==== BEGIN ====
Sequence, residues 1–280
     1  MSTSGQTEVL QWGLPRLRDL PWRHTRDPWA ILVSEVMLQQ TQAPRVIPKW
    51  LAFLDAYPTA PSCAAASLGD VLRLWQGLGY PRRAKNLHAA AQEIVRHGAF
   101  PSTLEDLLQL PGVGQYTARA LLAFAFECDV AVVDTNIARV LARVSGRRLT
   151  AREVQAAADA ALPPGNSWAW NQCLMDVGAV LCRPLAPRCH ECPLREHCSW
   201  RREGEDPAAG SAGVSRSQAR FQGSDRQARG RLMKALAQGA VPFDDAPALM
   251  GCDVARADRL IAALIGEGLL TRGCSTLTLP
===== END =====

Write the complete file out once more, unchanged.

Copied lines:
Sequence, residues 1–280
     1  MSTSGQTEVL QWGLPRLRDL PWRHTRDPWA ILVSEVMLQQ TQAPRVIPKW
    51  LAFLDAYPTA PSCAAASLGD VLRLWQGLGY PRRAKNLHAA AQEIVRHGAF
   101  PSTLEDLLQL PGVGQYTARA LLAFAFECDV AVVDTNIARV LARVSGRRLT
   151  AREVQAAADA ALPPGNSWAW NQCLMDVGAV LCRPLAPRCH ECPLREHCSW
   201  RREGEDPAAG SAGVSRSQAR FQGSDRQARG RLMKALAQGA VPFDDAPALM
   251  GCDVARADRL IAALIGEGLL TRGCSTLTLP